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Turkey buries latest bomb victims

Family members mourn the death of Ahmet Dama, a Turk killed in the British consulate bombing.
Family members mourn the death of Ahmet Dama, a Turk killed in the British consulate bombing.

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The British Foreign Office has issued a telephone number for anyone wanting news of friends or relatives who might have been caught up in the blasts.

The number to call is
+44 (0)20 7008 0000
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• Gallery: Scenes from explosions 

Acts of terror

ISTANBUL, Turkey (CNN) -- Turkey began burying those killed in the twin attacks on British interests in Istanbul, as the death toll rose to at least 30.

The number of victims killed in the bomb attacks on the UK Consulate and an HSBC office has risen from 27 to 30, health department officials said Friday.

Meanwhile Turkish authorities arrested several people in connection with Thursday's attacks, which also injured about 450 people. Officials are investigating several claims of responsibility from militant groups and organizations with links to al Qaeda.

But Turkish Foreign Minister Abdullah Gul added: "I think it's too early to say anything about the results of the investigations," Gul added, giving no further details.

The attacks were the second set in Istanbul this week, following simultaneous strikes on two synagogues last Saturday in which 25 people were killed. (Full story)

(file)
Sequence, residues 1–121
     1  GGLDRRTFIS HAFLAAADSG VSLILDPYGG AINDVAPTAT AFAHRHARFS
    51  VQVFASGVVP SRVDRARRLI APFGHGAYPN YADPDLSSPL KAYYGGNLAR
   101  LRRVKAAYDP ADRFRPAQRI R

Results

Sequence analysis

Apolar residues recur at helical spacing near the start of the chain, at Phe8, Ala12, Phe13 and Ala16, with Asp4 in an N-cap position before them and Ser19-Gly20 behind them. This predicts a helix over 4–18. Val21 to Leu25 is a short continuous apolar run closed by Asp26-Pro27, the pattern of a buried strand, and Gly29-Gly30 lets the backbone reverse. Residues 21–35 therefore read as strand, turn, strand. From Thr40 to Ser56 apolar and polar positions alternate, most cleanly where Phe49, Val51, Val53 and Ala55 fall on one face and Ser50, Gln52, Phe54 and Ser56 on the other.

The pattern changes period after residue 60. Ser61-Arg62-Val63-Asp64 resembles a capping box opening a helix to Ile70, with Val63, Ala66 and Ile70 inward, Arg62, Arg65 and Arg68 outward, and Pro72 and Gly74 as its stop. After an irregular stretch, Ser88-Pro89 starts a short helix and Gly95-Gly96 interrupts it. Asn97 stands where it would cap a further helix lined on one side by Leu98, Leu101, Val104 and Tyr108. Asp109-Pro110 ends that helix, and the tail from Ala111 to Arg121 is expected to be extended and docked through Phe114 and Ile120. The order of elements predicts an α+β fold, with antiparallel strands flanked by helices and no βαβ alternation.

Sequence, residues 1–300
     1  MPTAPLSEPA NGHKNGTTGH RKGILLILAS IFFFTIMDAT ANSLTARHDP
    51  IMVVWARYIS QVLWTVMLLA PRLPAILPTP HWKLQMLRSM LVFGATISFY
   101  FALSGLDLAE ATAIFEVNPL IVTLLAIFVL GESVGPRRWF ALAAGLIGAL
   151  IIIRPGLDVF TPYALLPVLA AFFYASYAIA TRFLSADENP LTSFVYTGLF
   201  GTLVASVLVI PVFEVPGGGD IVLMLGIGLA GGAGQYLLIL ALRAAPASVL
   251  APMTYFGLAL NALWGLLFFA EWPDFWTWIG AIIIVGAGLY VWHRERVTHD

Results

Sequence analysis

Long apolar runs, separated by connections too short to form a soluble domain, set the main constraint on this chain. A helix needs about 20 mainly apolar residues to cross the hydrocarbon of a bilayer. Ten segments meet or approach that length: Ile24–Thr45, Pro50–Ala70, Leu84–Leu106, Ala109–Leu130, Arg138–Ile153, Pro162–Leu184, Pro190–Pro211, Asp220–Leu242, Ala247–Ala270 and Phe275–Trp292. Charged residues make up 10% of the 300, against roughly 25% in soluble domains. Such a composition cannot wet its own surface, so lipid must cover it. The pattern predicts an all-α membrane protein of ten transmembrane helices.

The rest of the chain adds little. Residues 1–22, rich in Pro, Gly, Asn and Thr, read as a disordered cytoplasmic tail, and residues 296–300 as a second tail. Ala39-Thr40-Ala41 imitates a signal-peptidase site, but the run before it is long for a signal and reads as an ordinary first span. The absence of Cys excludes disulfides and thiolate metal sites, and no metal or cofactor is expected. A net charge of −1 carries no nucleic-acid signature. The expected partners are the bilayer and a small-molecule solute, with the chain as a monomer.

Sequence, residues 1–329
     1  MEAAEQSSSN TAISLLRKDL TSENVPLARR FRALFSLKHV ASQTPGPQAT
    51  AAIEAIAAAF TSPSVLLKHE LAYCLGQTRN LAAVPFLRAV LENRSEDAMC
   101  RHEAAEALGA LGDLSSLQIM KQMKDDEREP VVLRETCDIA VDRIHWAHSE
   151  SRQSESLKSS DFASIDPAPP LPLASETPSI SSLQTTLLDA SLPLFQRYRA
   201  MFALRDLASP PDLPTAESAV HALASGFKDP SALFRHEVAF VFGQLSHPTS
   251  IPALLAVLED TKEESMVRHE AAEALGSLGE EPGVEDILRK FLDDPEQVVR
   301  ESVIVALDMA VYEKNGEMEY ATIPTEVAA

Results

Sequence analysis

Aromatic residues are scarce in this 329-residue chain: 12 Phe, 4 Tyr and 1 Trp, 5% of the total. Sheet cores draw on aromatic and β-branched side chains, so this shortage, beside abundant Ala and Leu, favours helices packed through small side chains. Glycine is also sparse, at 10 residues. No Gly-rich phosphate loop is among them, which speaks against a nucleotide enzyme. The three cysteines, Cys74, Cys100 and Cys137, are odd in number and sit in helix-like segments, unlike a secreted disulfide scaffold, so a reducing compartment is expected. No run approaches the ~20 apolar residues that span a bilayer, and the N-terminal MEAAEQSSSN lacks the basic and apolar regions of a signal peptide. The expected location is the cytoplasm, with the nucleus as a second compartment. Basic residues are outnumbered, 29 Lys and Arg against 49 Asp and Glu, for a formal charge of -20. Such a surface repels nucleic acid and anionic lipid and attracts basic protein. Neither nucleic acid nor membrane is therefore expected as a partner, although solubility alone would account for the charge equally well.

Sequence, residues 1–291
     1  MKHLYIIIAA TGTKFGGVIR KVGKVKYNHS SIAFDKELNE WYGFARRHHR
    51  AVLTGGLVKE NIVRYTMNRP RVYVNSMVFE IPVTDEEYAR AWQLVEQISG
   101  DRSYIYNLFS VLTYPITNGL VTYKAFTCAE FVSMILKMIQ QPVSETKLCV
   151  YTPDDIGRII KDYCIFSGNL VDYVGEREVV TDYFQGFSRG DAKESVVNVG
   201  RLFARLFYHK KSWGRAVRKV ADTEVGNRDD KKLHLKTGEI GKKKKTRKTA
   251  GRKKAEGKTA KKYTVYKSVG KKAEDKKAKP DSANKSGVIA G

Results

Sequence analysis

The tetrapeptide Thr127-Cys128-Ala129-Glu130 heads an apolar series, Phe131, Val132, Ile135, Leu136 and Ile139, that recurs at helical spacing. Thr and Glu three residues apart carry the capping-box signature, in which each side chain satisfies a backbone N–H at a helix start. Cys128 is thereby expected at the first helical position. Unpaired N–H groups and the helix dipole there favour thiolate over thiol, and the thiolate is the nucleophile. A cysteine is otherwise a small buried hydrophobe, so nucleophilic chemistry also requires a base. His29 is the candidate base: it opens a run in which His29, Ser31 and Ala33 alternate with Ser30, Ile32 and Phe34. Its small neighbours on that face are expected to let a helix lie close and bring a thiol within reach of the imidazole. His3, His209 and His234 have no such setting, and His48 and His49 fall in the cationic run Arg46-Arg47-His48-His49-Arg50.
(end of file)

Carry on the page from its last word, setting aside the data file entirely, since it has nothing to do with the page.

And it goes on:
U.S. President George W. Bush said Turkey -- a Muslim country with a secular constitution, trying to join the European Union -- is now "a front."

"Iraq is a front. Turkey is a front," he said before he departed the UK at the end of his three-day state visit. (Full Story)

"Anywhere the terrorists think they can strike is a front."

UK Foreign Minister Jack Straw and his Turkish counterpart visited the bomb sites.

Three of the dead in Thursday's bombings were British citizens, including UK consul general Roger Short. But the bulk were local citizens.

Straw said Britain would help Turkey fight further threats of terrorism. "This was as much an attack on the Turkish people as it was on British interests," he said.

He added the attacks bore the hallmarks of Osama bin Laden's terrorist network. "It appears to be have been perpetrated by al Qaeda and its associates, and I stand by that statement."

The Turkish government said it received a joint claim of responsibility from al Qaeda and a Turkish Islamic militant group, the Great Eastern Islamic Raiders' Front (IBDA-C), for Thursday's bombings.

Gul said his country would not be deterred by the latest attacks. "Turkey will certainly not bow to terror," he said. "We hope this is the beginning of a new era in fighting terrorism globally."

Britain, the United States and Australia -- allies in the Iraq war -- have warned their citizens against non-essential visits to Turkey amid concerns of further attacks. (Warning of more attacks in Turkey)

However, Straw insisted that acts of terrorism should not stop people from traveling to the country. "We are not advising not to travel to Turkey. ... Turkey is a safe country," he said.

On Thursday, the U.N. Security Council unanimously approved a resolution condemning the bombings.

The resolution speaks of the "need to combat by all means" threats to international peace and security caused by terrorist acts and asks all states to "cooperate in efforts to find and bring to justice the perpetrators, organizers and sponsors of these terrorist attacks."

Turkey is a supporter of the U.S.-led fight against terrorism and has relations with Israel.

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